npm run init

Run this gradlew command in the android folder of your app (Make sure you have an AVD android simulator set up and running before running this command)

cd android && ./gradlew installDebug 

Open the android folder of your app in android studio, and hit the run button. This will sync and build the android version of your app.

Note:- Please install android studio v3.2.1 to avoid breaking errors.


Okay, fingers crossed! Let’s try running this in the ejected mode.

npm run android-native

5. Great job, let’s run it in the unejected mode as well.

npm run android-expo

Allow permit for drawing over other apps in the android device/ simulator and we’re good to go.


Phew! that was a long one. But fun isn’t it? Now you can go ahead and start building your app. Let’s move further.

How to add a native module into expo kit

Let’s start by building a mock file to mock a native module, which we might want to use other than the ones provided by the expo, and would have to eject our app in order to use it.

As an example, let’s try integrating “react-native-device-info“ into our app, which requires ejection from expo.

npm install react-native-device-info

And run the application in the unejected mode –

npm run ios-expo

And we’re greeted by this error… :/

Using the module in the unejected and ejected version of the app

No issues! Let’s try and fix this up.

Let’s start by creating a mock module file, mocks/DeviceInfoMock.js, to simulate the behavior of an external non-linked module –

export default class DeviceInfoMock {
    static getBrand() {
        return "expo dummy device"

Next, set up your “babel.config.js“ file to set up an alias, so that it reads from the provided path –

const config = require('./config.json');
module.exports = function(api) {
  const babelConfig = {
    presets: ['babel-preset-expo'],
    plugins: [
          // "root": ["./assets"],
          alias: {

          extensions: [".ios.js", ".android.js", ".js", ".json"],


  if(!config.isEjected) {
    babelConfig.plugins[0][1].alias['react-native-device-info$'] = './mocks/DeviceInfoMock';
  return babelConfig

Let’s have a look at how have we used this module,

import React from 'react';
import {Video} from 'expo';
import {StyleSheet, Text, View, TouchableHighlight, Dimensions, TouchableOpacity} from 'react-native';
import {dismissModal, Modal, showModal} from 'expo-modal';
import DeviceInfo from 'react-native-device-info';

const {height, width} = Dimensions.get('window');

export default class App extends React.Component {

  render() {

    const innerComponent = <View style={{height: height/2 , width: width, justifyContent: 'center', alignItems: 'center'}}>
      <Text>Hello world</Text>
      <TouchableOpacity onPress={() => dismissModal()} ><Text>close modal</Text></TouchableOpacity>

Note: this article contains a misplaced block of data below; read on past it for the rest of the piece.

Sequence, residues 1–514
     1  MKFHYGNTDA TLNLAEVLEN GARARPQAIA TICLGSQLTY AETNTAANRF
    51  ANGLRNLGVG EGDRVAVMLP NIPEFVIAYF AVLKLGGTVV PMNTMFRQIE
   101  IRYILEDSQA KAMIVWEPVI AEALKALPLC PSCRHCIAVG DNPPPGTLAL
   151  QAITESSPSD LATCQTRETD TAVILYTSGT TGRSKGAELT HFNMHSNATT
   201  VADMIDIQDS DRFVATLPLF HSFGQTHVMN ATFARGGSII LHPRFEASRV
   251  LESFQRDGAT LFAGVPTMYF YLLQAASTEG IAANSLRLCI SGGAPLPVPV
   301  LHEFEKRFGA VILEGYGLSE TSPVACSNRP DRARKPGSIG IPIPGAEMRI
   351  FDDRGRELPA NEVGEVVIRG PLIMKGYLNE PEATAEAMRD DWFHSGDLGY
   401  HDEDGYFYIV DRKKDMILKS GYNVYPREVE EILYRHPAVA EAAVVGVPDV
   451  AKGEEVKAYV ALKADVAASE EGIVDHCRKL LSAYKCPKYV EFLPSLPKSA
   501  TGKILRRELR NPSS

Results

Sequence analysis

return (
        <View style={styles.container}>

              source={{uri: 'http://d23dyxeqlo5psv.cloudfront.net/big_buck_bunny.mp4'}}
              onPress={() => {showModal(innerComponent)}}
            <Text> Touch Here </Text>

const styles = StyleSheet.create({
  container: {
    flex: 1,
    backgroundColor: '#fff',
    alignItems: 'center',
    justifyContent: 'center',
  videoPlayer: {
    position: 'relative',
    width: '100%',

So according to our logic, if the app is not ejected then the DeviceInfo must be fetched from our mock module instead of fetching it from react-native-device-info.

Now your screen must show ‘expo dummy device’ when starting the unejected version of your app –

expo dummy device


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I hope you have noted the fact that for every native module, you have to write a mock for expo. But that’s pretty simple, just see the public functions of the module that you are using and return a mock data/behavior from there. And in your “babel.config.js“ file add the following line inside the if block

babelConfig.plugins[0][1].alias['react-native-device-info$'] = './mocks/DeviceInfoMock';

Closing thoughts

So, what we have accomplished with the above starter kit?

We have created a way in which we can run both expo and raw react-native codebase together.

And what did we achieve after doing so?

  • The devs who don’t need to work on the native modules will never need to touch the ios and android builds with this. They can simply keep on running expo even though the other dev is adding native modules.
  • The regular problem of developers building the app in expo, then ejecting it because of some use case, and then converting the expo coded UI in react-native is gone.

We are utilizing all that native modules have to offer without letting go of the development environment that expo offers.

Need some help in building your expo app? Feel free to get in touch with us.


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As a Senior Tech Enthusiast, I bring a decade of experience to the realm of tech writing, blending deep industry knowledge with a passion for storytelling. With expertise in software development to emerging tech trends like AI and IoT—my articles not only inform but also inspire. My journey in tech writing has been marked by a commitment to accuracy, clarity, and engaging storytelling, making me a trusted voice in the tech community.